Gun control advocate comedian/actor Jim Carrey becomes the latest Hollywood leftie to trash legendary actor and former NRA head Charlton Heston. About his new anti-Heston parody song, Carrey tweeted: "'Cold Dead Hand' is abt u heartless mother----ers unwilling 2 bend 4 the safety of our kids. Sorry if you're offended by the word safety."
Lyrics include: "Charlton Heston movies are no longer in demand, and his immortal soul may lay forever in the sand. The angels wouldn't take him up to heaven like he'd planned, 'cause they couldn't pry that gun from his cold, dead hand. It takes a cold, dead hand to decide to pull the trigger, takes a cold, dead heart and as near as I can figger, with your cold, dead aim you're tryin' to prove your di-- is bigger." You get the idea.
Let's be charitable--call Carrey ignorant, not stupid.
The Canadian high school dropout can be forgiven for his ignorance about American history, including the NRA's role in helping blacks defend themselves against violent white racists. He claims Heston's movies are "no longer in demand." Perhaps this exposes Carrey's lack of religiosity. But he should know that every Easter, for the last 40 years (except 1999), broadcast television has aired The Ten Commandments. Heston plays Moses. And it's a ratings winner.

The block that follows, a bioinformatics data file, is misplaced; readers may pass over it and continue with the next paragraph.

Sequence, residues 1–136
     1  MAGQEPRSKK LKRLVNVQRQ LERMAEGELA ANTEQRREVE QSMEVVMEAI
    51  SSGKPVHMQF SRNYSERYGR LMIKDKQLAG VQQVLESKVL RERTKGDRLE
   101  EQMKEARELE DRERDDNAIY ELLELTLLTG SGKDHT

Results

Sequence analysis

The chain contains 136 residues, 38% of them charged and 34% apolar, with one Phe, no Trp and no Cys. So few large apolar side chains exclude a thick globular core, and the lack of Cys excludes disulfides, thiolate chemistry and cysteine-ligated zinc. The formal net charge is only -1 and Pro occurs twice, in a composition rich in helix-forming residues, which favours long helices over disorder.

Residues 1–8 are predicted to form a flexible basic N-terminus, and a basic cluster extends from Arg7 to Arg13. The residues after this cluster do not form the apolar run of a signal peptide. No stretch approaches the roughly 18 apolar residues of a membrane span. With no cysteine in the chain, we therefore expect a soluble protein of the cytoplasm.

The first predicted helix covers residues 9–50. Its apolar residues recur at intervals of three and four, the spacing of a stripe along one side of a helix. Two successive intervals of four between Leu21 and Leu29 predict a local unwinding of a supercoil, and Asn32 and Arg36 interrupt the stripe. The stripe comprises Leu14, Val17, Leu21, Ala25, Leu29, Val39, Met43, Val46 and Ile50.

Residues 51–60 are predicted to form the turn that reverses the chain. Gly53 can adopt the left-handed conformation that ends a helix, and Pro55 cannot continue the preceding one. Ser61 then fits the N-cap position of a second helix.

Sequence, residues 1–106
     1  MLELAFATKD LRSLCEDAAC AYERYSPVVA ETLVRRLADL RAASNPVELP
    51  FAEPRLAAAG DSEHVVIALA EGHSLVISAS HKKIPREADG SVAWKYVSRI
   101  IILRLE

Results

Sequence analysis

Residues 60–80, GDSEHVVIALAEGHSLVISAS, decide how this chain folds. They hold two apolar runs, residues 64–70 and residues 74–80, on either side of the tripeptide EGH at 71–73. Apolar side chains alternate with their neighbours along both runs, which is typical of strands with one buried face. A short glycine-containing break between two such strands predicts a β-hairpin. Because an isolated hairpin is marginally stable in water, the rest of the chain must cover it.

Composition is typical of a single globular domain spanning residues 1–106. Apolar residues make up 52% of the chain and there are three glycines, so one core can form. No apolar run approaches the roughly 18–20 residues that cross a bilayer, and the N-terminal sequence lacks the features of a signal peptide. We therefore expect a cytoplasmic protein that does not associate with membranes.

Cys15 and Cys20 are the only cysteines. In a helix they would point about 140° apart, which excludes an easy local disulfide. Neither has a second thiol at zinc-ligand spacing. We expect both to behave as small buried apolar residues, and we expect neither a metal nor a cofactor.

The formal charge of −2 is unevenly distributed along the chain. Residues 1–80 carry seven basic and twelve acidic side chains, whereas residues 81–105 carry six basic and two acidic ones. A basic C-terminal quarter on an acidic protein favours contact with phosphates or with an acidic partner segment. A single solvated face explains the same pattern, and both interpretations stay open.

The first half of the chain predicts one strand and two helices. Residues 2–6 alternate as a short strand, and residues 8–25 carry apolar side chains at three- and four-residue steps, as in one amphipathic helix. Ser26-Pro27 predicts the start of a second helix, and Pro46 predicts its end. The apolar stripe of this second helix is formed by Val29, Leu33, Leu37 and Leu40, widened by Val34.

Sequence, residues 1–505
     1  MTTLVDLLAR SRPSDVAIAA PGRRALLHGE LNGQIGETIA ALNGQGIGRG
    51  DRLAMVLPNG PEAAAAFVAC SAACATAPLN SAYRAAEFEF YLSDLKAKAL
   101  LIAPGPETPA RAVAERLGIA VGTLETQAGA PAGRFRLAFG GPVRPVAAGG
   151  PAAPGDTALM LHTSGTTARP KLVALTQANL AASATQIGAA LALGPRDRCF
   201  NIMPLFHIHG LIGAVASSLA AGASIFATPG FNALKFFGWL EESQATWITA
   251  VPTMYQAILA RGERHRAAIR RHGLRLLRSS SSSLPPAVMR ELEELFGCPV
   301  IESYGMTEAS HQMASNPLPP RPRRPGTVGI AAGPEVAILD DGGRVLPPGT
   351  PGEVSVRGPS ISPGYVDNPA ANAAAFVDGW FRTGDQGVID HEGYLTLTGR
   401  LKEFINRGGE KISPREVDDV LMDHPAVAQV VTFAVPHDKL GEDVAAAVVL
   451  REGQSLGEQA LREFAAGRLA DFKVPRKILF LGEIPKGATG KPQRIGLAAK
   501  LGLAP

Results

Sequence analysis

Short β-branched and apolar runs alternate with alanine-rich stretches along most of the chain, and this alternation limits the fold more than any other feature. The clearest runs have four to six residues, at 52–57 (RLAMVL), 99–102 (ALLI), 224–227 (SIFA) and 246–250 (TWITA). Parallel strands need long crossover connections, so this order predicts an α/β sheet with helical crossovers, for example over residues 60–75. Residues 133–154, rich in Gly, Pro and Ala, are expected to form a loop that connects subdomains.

Heston's other career roles include John the Baptist, Ben-Hur, El Cid and Michelangelo. Care to stack Heston's body of work next to Carrey's Ace Ventura (Pet Detective) or his Lloyd Christmas (Dumb & Dumber)?
Speaking of character, Heston, a cinema rock star, remained married to his college sweetheart, Lydia, for 64 years. Carrey, on the other hand, followed the well-worn Hollywood path: Get famous; get rich; dump the first wife/mother of your kid(s), who stood by you during the tough times; and act out your social life in the tabs to the embarrassment of your kid(s).
This might surprise Carrey, but there was a time when actors, like Heston, supported a cause that threatened both their careers--and their lives.
In 1963, on the day of Martin Luther King's "I Have a Dream" speech, six men appeared on a television roundtable to discuss that day's March on Washington. These men were singer and civil rights activist Harry Belafonte; James Baldwin, author of the bestselling civil rights call-to-arms The Fire Next Time; writer/producer/director Joseph Mankiewicz; and actors Sidney Poitier, Marlon Brando and Heston.